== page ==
Vaccinations are one of the most important methods of disease prevention and play an integral role in public health. But have you ever wondered how they work? What effects do they have on the human body? Why are they so important?
In order to answer these questions, we first need to understand some basics about how the immune system works. The purpose of the immune system is to recognize bacteria and viruses (collectively referred to as pathogens) that can make you sick and to fight off infections. Pathogens have molecules, called antigens, that the immune system identifies as threatening. Once these antigens are spotted, a healthy immune system produces two illness-fighting weapons: a protein called an antibody and a special type of white blood cell called a lymphocyte. Together, antibodies and lymphocytes destroy antigens so that the body can to return to its normal state of health.
Vaccinations enable the immune system to recognize bacteria and viruses before they have a chance to make you sick. Vaccines introduce the immune system to a previously unknown germ by giving the body a pathogen that is weakened, dead, modified, or genetically engineered. Then, if a body happens to be exposed to that same pathogen a second time, the immune system recognizes it and is already equipped to produce antibodies and lymphocytes that prevent an illness from taking hold.
While there are some bacteria and viruses your immune system can destroy without vaccination, others are so powerful that without the help of vaccinations, the immune system is not able to recognize and respond to these threats fast enough. Contagious diseases such as measles, rabies, and smallpox can cause significant health risks, even death, after the very first time a body is exposed to the pathogen unless that initial exposure is through a controlled exposure through vaccination.
The first vaccine was created in 1796 by British physician Edward Jenner. He injected material from a cowpox virus into patients in order to prevent them from getting smallpox. Since the late 18th century, the development of vaccines has revolutionized the field of public health and prevented the spread of a variety of diseases. A brief timeline of vaccine development includes:
- Rabies – 1885
- Cholera – 1896
- Typhoid – 1896
- Plague – 1897
- Pertussis (whooping cough) – 1926
- Tetanus – 1926
- Tuberculosis – 1927
- Influenza (flu) – 1936
- Polio – 1955
- Measles – 1963
- Varicella (chickenpox) – 1995
- HPV (human papillomavirus) – 2006
- Zoster (shingles) – 2006
- COVID-19 – 2020
Historically, the two types of vaccines that have been most commonly used are whole pathogen vaccines and subunit vaccines:
- Whole pathogen vaccines: These vaccines use an entire virus that has been either killed (inactive) or very weakened viruses (attenuated). Examples of whole pathogen vaccines include the flu shot (inactive) and measles, mumps, rubella (MMR) vaccine (attenuated).
- Subunit vaccines: Rather than using the entire virus (like whole pathogen vaccines), manufacturers of subunit vaccines use a small signature protein subunit of the virus (antigen). Examples of subunit vaccines include: Hepatitis B, pneumonia, and shingles vaccines.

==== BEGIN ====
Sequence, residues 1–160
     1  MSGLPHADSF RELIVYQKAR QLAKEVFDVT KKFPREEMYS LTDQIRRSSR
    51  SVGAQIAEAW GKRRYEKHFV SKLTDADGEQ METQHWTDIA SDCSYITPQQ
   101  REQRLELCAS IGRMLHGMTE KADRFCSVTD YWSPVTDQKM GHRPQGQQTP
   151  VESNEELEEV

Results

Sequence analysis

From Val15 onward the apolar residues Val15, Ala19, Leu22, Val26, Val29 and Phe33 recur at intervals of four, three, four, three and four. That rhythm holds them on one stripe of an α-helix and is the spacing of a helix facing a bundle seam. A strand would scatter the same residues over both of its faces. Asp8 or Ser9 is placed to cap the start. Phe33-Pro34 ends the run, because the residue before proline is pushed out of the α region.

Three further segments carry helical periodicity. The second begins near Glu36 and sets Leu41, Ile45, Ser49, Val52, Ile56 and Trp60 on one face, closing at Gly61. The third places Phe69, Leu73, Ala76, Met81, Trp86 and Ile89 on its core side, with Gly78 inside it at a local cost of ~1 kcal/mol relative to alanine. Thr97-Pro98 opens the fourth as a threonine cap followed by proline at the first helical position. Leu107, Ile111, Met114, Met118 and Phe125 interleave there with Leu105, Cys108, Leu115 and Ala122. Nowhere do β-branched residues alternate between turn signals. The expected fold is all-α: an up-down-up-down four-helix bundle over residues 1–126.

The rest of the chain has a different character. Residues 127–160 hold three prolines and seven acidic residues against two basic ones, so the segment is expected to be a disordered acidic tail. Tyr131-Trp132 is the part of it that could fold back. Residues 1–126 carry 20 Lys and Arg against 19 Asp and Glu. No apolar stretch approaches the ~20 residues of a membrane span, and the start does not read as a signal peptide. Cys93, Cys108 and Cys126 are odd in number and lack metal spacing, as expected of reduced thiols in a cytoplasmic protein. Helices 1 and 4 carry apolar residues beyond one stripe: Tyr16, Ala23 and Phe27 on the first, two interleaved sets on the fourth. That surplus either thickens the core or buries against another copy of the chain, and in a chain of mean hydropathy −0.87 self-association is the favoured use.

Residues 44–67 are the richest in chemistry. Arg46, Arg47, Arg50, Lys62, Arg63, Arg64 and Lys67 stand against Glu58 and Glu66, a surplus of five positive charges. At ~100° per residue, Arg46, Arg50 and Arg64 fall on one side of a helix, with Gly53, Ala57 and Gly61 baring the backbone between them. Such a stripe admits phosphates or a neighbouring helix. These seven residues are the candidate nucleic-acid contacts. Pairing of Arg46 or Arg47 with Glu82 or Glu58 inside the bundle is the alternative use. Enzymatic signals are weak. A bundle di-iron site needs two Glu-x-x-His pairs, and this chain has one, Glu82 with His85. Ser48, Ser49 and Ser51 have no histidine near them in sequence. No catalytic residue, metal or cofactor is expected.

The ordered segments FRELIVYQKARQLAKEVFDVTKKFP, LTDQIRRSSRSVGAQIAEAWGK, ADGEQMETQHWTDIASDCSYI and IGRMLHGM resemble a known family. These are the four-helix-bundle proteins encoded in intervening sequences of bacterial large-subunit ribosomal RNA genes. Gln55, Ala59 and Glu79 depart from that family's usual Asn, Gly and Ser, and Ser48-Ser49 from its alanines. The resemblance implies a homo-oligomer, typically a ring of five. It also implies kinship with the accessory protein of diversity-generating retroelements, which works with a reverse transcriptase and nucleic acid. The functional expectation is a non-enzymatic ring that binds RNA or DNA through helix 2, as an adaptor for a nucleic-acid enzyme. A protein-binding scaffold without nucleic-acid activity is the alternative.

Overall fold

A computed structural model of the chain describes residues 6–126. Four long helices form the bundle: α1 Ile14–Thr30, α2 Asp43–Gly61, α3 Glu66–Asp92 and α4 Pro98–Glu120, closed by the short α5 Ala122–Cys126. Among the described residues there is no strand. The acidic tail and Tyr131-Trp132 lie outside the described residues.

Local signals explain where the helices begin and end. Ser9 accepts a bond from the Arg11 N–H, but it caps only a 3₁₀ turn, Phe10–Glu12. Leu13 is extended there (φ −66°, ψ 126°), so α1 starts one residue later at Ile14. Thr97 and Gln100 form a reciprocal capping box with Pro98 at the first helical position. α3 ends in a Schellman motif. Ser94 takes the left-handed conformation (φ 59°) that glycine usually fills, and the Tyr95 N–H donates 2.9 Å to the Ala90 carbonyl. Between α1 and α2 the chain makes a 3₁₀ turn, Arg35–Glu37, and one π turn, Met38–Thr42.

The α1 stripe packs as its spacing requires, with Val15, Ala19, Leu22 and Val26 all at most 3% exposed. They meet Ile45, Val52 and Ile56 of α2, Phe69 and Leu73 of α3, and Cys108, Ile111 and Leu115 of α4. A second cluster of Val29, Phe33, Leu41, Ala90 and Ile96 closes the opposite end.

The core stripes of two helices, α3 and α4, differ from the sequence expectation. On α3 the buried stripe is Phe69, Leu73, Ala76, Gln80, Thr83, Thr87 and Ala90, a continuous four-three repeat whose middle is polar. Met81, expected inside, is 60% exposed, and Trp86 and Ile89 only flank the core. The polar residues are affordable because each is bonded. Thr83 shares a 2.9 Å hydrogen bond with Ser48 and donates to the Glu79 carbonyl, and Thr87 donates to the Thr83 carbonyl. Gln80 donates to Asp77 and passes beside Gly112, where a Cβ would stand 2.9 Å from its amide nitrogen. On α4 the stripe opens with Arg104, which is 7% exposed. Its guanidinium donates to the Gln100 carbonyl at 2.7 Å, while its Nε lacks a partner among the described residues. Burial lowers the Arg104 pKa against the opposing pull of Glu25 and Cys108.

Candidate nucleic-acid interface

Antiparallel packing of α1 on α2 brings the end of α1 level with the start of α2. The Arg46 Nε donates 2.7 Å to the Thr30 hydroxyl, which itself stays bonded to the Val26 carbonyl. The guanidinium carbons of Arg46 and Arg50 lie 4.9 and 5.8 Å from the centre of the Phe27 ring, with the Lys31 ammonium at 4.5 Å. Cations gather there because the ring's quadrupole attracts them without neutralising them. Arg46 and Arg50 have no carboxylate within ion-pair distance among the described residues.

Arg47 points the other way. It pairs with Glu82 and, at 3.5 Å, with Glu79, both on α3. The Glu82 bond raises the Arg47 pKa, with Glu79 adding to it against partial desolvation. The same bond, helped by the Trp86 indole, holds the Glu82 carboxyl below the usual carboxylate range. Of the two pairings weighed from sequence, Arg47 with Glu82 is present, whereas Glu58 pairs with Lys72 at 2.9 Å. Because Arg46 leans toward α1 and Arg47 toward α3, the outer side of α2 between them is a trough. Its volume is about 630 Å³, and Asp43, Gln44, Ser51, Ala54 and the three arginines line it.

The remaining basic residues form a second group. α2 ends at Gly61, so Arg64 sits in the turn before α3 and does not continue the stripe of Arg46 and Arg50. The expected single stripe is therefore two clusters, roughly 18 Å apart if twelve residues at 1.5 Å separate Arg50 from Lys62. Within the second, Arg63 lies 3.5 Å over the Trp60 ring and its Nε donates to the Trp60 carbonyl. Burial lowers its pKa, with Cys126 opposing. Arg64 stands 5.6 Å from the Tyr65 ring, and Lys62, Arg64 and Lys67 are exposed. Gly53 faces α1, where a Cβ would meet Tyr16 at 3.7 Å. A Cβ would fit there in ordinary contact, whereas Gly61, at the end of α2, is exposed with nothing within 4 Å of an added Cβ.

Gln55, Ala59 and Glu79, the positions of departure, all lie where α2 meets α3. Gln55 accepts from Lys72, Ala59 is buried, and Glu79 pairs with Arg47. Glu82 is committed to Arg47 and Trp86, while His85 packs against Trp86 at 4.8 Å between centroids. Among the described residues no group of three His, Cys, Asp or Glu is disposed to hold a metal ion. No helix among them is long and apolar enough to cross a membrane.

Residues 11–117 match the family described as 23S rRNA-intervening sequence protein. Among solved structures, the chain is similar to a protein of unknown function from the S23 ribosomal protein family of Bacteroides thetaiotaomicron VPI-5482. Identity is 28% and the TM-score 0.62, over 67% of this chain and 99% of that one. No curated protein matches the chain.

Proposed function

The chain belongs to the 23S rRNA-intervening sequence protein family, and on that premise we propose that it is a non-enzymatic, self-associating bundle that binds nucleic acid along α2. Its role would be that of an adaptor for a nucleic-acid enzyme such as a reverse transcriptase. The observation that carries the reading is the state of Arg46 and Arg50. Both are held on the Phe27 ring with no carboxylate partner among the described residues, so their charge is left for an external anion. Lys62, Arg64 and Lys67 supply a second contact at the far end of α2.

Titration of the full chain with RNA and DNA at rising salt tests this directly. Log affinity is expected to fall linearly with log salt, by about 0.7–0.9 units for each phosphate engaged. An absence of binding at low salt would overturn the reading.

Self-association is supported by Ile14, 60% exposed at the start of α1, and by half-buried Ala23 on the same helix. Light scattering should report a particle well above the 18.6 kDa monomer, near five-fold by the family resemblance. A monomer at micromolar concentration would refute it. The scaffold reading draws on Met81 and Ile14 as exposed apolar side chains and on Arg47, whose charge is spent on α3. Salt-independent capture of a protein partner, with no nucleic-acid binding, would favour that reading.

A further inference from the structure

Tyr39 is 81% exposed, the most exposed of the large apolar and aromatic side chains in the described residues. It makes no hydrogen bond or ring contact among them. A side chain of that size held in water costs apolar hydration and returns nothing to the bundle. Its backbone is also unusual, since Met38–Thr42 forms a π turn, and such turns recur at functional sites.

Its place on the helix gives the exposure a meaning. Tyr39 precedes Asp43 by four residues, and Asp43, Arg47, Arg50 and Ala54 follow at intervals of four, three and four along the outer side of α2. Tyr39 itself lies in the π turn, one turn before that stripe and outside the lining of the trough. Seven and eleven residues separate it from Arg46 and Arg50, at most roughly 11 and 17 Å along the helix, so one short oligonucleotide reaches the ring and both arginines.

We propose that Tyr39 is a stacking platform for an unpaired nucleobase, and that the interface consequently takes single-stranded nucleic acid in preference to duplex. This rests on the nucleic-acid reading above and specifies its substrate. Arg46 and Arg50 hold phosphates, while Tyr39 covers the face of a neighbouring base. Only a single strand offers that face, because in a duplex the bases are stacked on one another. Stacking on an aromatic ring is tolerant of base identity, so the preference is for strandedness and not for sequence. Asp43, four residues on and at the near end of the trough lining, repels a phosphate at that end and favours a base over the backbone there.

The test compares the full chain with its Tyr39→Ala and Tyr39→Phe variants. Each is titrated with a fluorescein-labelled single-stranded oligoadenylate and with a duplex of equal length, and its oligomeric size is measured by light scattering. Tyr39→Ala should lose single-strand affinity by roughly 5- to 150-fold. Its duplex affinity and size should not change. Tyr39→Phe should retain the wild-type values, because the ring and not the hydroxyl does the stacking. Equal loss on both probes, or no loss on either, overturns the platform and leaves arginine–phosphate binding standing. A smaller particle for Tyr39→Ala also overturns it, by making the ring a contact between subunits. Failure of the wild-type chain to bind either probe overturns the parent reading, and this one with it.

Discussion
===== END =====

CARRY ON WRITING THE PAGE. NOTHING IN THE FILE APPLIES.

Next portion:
The next generation in vaccine development is represented in mRNA vaccines (nucleic acid vaccines). What makes mRNA vaccines different?
- In mRNA vaccines, a vaccinated person receives genetic material, mRNA, that encodes for a specific viral protein. When the mRNA is injected into the arm, cells in the injected person start producing antigen subunits. These antigen subunits provide the immune system with a preview of what the real virus looks like without causing the disease. The body responds to the preview of the antigen by creating both antibodies and memory B cells. The antibodies and memory B cells stay in the body so that if the person has an exposure to the virus, the body is prepared and can destroy the virus so that the person does not become infected.
After a vaccine is administered, patients may experience mild side effects such as soreness or pain in the area of the injection or low-grade fever. However, it is important to note that the benefits of vaccines far outweigh the risks. When vaccines are refused, the risk of developing a vaccine-preventable disease increases not only in the individual but also within communities. A certain level of immunity—when the body is able to resist a disease—in the overall population is necessary to prevent sustained person-to-person transmission of a contagious disease. Widely publicized outbreaks of diseases like measles, polio, and pertussis are a few examples of how vaccine-preventable diseases can cause significant illness and public health crises.
Some have expressed concern regarding a connection between vaccines and autism. Scientific studies have shown no link between vaccines and autism. In addition, some parents have expressed concern regarding their children receiving multiple vaccinations during one pediatric visit. Scientific data does not reveal any adverse outcomes with children receiving multiple vaccinations during one clinic visit. The Advisory Community on Immunization Practices and American Academy of Pediatrics recommend that all children receive their vaccinations at their scheduled clinic visits and to follow their immunization schedule.
Immunity can be achieved when vaccinations are given according to the recommended immunization schedule. Your healthcare provider can help you ensure that you are up to date with all the recommended vaccinations.
 Centers for Disease Control and Prevention, “Common Questions About Vaccines.”
 Centers for Disease Control and Prevention, “Multiple Vaccines and the Immune System.”